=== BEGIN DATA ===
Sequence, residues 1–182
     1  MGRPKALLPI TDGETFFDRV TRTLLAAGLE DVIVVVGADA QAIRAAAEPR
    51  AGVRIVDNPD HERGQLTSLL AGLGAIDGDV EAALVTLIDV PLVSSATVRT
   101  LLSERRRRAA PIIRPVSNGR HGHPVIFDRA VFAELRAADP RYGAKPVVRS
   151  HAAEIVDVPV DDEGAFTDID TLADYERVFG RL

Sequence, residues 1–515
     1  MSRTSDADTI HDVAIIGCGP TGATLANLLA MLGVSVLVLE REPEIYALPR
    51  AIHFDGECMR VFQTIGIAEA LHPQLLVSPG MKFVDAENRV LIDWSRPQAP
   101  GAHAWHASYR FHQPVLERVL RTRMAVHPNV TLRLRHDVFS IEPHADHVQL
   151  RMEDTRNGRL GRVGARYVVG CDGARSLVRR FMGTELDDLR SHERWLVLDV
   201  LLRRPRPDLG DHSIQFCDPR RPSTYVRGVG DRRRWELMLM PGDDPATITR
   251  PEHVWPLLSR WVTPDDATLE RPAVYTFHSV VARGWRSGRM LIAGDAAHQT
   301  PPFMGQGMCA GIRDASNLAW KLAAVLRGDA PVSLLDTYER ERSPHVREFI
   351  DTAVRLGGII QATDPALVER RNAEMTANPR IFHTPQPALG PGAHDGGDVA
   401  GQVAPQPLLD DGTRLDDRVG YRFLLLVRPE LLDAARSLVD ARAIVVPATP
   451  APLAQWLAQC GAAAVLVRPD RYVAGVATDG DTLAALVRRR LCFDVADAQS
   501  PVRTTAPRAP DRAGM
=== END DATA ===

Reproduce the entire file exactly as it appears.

Sequence, residues 1–182
     1  MGRPKALLPI TDGETFFDRV TRTLLAAGLE DVIVVVGADA QAIRAAAEPR
    51  AGVRIVDNPD HERGQLTSLL AGLGAIDGDV EAALVTLIDV PLVSSATVRT
   101  LLSERRRRAA PIIRPVSNGR HGHPVIFDRA VFAELRAADP RYGAKPVVRS
   151  HAAEIVDVPV DDEGAFTDID TLADYERVFG RL

Sequence, residues 1–515
     1  MSRTSDADTI HDVAIIGCGP TGATLANLLA MLGVSVLVLE REPEIYALPR
    51  AIHFDGECMR VFQTIGIAEA LHPQLLVSPG MKFVDAENRV LIDWSRPQAP
   101  GAHAWHASYR FHQPVLERVL RTRMAVHPNV TLRLRHDVFS IEPHADHVQL
   151  RMEDTRNGRL GRVGARYVVG CDGARSLVRR FMGTELDDLR SHERWLVLDV
   201  LLRRPRPDLG DHSIQFCDPR RPSTYVRGVG DRRRWELMLM PGDDPATITR
   251  PEHVWPLLSR WVTPDDATLE RPAVYTFHSV VARGWRSGRM LIAGDAAHQT
   301  PPFMGQGMCA GIRDASNLAW KLAAVLRGDA PVSLLDTYER ERSPHVREFI
   351  DTAVRLGGII QATDPALVER RNAEMTANPR IFHTPQPALG PGAHDGGDVA
   401  GQVAPQPLLD DGTRLDDRVG YRFLLLVRPE LLDAARSLVD ARAIVVPATP
   451  APLAQWLAQC GAAAVLVRPD RYVAGVATDG DTLAALVRRR LCFDVADAQS
   501  PVRTTAPRAP DRAGM